- THE MAGAZINE
- FOOD MASTER
|Gary McMurray, chief of GTRI's Food Processing Technology Division, poses with the Intelligent Cutting and Deboning System, which uses advanced imaging technology and a robotic cutting arm to automatically debone chicken and other poultry products. Source: Gary Meek.|
Deboning chicken breasts has always been a labor-intensive job, and not a very safe one at that. Attempts have been tried to design equipment that could successfully debone chicken, but have not enjoyed much commercial success. Researchers at Georgia Tech’s Research Institute (GTRI) have developed a prototype system that uses advanced imaging technology and a robotic cutting arm to successfully debone chicken and other poultry products.
The Intelligent Cutting and Deboning System uses a 3-D vision system that determines where to cut a particular bird. The device automatically performs precision cuts that optimize yield, while also greatly reducing the risk of bone fragments in the finished product.
“Each bird is unique in its size and shape,” says Gary McMurray, chief of GTRI’s Food Processing Technology Division. “So we have developed the sensing and actuation needed to allow an automated deboning system to adapt to that individual bird, as opposed to forcing the bird to conform to the machine.”
With the automated system, a bird is positioned in front of the vision system prior to making a cut. The vision system works by making 3-D measurements of various location points outside of the bird. Then, using these points as inputs, custom algorithms define a proper cut by estimating the positions of internal structures such as bones and ligaments.
“Our statistics research shows our external measurements correlate very well to the internal structure of the birds and, therefore, will transition to ideal cutting paths,” says Michael Matthews, GTRI research engineer. “In our prototype device, everything is registered to calibrated reference frames, allowing us to handle all cut geometries and to precisely align the bird and cutting robot. Being able to test all possible cut geometries should enable us to design a smaller and more simplified final system.”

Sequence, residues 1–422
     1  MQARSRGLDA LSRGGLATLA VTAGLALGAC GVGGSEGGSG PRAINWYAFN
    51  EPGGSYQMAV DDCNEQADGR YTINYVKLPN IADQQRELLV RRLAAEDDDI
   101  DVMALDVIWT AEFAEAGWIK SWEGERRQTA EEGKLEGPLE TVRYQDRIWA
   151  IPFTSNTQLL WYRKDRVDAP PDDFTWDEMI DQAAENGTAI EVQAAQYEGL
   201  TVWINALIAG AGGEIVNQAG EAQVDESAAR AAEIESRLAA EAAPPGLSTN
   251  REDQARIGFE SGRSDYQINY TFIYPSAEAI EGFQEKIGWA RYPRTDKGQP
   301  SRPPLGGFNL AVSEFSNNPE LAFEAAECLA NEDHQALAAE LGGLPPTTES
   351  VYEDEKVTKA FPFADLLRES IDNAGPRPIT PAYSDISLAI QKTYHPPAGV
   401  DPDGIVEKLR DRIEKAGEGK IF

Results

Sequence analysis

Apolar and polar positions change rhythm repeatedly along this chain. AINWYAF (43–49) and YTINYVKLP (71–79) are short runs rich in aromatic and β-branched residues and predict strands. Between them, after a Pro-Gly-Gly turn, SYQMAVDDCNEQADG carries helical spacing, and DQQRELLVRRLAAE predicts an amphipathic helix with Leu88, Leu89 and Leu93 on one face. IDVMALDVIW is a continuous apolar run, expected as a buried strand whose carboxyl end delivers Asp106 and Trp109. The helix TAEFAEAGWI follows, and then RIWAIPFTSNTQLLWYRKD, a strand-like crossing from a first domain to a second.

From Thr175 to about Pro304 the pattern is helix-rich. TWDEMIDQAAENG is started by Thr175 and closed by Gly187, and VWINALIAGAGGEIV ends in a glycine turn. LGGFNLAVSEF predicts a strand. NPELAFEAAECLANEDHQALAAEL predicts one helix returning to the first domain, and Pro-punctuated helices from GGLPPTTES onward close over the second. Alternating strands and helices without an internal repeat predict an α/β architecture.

|A robotic system used in the Intelligent Cutting and Deboning project prepares to slice through the shoulder joint of a chicken. The system, developed by the GTRI Food Processing Technology Division, is pursuing two goals: cutting close to the bone to maximize breast meat yield and ensuring food safety by avoiding creation of bone chips. Source: Gary Meek.|
The prototype uses a fixed two-degree-of-freedom cutting robot for making simple planar cuts. The bird is mounted on a six-degree-of-freedom robot arm that allows alignment of the bird and cutting robot to any desired position. The robot arm places the bird under the vision system, and then it moves the bird with respect to the cutting robot.
The system employs a force-feedback algorithm that can detect the transition from meat to bone. That detection capability allows the cutting knife to move along the surface of the bone while maintaining a constant force. Since ligaments are attached to the bone, maintaining contact with the bone allows the knife to cut all ligaments around the shoulder joint without cutting into the bone itself. A similar approach can be used for other parts of the bird where meat must be separated from the bone.
“There are some very major factors in play in this project,” says McMurray. “Our automated deboning technology can promote food safety since bone chips are a hazard in boneless breast fillets. But it can also increase yield, which is significant because every 1 percent loss of breast meat represents about $2.5 million to each of Georgia’s 20 poultry processing plants.”